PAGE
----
Manuel Souto-Otero

School of Social Sciences, Cardiff University
Deputy Programme Director, Digital Futures of Work

My main areas of interest are education policy analysis and evaluation. I have a particular interest in the link between education and work, particularly digitalisation, the future of work and its implications for skills development, social stratification and inequalities, and internationalisation in education. I have undertaken extensive research in those areas and have also undertaken a large number of consultancy projects on education issues for the European Commission, European Centre for the Development of Vocational Training (Cedefop), the Organisation for Economic Cooperation and Development (OECD), various governments, think-tanks and voluntary sector organisations.


Related Articles
Blog | November 18, 2022

What does the digital labour market mean for the competition for jobs?

Digital innovation is rapidly transforming how labour markets shape the competition for jobs. We now spend more time online and create more digital data than ever before. Over 90 per cent of the population in many developed countries has access to the internet (World Bank 2021), and spend a lot

Publications | August 16, 2022

Working Paper 6: The rise of the digital labour market: characteristics and implications for the study of education, opportunity and work

The study of education and work has typically focused on the role of the credential in shaping individual opportunities in the competition of jobs. Despite its pivotal role in understanding the link between education and work how the labour market operates in an increasingly digital context has remained under-researched. This

Blog | April 1, 2022

New methods to understand the labour market in the digital economy

As part of the Digital Futures of Work Programme, we brought together over 30 experts from Europe and Asia to discuss new methods to improve our understanding of skills anticipation, job redesign, and labour markets in a context of rapid digital innovation. There is increasing interest in the potential and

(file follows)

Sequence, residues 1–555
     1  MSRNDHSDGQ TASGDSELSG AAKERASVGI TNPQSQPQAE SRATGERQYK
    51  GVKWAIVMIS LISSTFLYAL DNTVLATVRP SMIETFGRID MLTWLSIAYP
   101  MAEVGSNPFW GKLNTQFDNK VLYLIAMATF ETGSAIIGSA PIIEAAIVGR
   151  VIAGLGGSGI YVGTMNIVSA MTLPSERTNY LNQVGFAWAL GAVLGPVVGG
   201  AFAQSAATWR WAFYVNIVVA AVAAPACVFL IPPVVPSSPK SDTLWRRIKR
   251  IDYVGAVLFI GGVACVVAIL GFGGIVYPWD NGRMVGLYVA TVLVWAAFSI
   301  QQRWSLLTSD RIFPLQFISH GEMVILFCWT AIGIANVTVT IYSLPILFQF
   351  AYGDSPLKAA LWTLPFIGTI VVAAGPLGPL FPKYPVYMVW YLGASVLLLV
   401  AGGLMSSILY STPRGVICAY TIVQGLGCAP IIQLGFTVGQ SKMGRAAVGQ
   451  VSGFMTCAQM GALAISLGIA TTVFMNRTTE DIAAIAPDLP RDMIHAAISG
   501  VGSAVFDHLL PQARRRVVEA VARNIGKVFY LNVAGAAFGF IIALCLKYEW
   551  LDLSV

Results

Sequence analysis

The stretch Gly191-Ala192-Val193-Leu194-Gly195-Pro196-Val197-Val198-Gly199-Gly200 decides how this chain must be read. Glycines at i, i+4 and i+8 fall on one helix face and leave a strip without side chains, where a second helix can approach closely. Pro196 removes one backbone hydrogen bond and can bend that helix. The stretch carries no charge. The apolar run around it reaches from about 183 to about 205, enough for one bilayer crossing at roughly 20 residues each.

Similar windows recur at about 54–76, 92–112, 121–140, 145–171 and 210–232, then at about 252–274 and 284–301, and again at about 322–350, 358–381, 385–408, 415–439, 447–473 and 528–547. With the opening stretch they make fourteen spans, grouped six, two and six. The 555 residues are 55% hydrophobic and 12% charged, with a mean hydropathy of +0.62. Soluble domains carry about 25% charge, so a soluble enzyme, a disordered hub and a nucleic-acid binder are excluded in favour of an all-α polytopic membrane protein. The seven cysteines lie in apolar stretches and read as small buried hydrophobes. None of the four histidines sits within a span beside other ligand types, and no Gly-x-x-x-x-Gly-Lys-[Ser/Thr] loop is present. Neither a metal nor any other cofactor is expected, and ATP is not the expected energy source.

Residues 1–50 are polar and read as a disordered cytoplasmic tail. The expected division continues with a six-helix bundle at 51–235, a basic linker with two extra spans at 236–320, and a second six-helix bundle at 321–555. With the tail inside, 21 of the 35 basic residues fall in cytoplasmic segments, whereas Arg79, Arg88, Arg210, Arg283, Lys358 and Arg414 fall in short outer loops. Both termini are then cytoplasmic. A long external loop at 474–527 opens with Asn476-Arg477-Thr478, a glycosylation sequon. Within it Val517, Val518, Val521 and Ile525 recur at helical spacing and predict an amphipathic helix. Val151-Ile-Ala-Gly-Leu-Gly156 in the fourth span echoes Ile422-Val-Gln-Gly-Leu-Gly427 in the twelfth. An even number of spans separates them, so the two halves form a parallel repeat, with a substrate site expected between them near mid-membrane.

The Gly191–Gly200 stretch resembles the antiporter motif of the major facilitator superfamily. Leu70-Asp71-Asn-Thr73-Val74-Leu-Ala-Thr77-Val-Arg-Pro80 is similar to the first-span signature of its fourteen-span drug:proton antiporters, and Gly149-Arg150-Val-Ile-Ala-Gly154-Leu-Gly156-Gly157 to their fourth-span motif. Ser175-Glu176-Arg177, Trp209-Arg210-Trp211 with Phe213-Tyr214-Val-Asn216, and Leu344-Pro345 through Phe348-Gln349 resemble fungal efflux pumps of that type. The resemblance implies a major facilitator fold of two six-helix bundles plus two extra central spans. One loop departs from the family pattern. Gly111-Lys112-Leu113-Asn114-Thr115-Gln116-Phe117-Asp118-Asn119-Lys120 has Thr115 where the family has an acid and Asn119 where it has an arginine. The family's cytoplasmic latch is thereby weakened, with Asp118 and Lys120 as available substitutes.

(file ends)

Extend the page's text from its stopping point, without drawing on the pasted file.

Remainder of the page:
Blog | March 11, 2022

The emergence of the digital labour market and its perils

Rapid digital innovation is transforming how people look for jobs and how companies recruit. As a result, the competition for jobs is being transformed. Digital tools give job seekers new ways of describing themselves and employers new sources of data on candidates, in real-time and at low cost. But are

Publications | February 8, 2021

Working Paper 4: Technological change and labour substitution: can firm characteristics shield workers against automation?

A burgeoning literature that has emerged examining the potential of technology to automate labour. Much of this work, however, has relied on expert opinions and is ‘de-contextualised’, with little use of data on firms’ actual behaviour. We employ a rich dataset of over 3,800 companies to explore whether certain firm

Blog | February 4, 2021

Looking for a shelter against automation? Your boss might be part of the answer

There is a lot of discussion about robots taking our jobs. Much of it is speculative, usually forecasts based on the opinions of AI experts, who tend to be too enthusiastic about the potential of digital technologies. Such estimates take little account of job redesign possibilities, or social and economic

Publications | February 1, 2021

Working Paper 1: Digital futures of work: reimagining jobs, skills and education for the digital age

Digital innovation is widely recognised as a game changer. Despite attention-grabbing headlines of robots outsmarting humans leading to widespread technological unemployment and counter claims that technology will create more good jobs than it destroys just like in previous epochs, there has been little systematic analysis or evaluation of exactly how